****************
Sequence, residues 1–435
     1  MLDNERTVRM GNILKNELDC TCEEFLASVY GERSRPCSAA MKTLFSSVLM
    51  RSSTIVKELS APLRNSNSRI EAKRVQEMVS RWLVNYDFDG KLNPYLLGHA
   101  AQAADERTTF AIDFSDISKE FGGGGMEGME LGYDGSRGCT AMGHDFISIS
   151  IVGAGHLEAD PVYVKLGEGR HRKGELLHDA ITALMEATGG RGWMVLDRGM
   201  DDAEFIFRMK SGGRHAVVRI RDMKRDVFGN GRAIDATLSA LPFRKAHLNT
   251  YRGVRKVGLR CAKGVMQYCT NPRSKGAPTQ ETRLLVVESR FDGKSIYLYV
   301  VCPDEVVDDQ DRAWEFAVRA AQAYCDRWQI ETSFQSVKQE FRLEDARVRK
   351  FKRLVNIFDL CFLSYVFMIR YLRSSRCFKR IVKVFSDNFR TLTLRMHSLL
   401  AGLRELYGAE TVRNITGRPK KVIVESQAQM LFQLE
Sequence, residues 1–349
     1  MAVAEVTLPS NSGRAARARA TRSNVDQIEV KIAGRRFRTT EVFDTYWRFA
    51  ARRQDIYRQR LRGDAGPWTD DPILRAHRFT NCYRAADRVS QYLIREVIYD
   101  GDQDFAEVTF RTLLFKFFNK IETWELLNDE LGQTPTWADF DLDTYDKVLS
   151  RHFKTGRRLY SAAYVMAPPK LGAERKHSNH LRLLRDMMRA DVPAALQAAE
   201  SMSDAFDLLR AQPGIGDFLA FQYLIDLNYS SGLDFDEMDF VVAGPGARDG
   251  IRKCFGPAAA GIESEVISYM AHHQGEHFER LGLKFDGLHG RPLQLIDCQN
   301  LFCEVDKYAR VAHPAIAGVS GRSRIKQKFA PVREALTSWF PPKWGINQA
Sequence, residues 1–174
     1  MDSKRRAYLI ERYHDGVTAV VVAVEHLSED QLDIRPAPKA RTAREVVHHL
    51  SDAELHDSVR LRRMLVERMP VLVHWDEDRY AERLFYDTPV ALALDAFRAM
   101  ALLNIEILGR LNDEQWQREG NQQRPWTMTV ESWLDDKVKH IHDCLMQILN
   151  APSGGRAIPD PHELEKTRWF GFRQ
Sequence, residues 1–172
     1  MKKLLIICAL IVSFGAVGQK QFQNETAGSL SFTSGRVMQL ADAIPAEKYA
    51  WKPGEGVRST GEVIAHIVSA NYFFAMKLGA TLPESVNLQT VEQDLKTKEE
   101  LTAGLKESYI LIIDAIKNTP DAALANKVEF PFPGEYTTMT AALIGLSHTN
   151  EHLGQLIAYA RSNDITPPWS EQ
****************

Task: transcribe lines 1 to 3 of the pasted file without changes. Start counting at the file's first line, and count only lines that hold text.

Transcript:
Sequence, residues 1–435
     1  MLDNERTVRM GNILKNELDC TCEEFLASVY GERSRPCSAA MKTLFSSVLM
    51  RSSTIVKELS APLRNSNSRI EAKRVQEMVS RWLVNYDFDG KLNPYLLGHA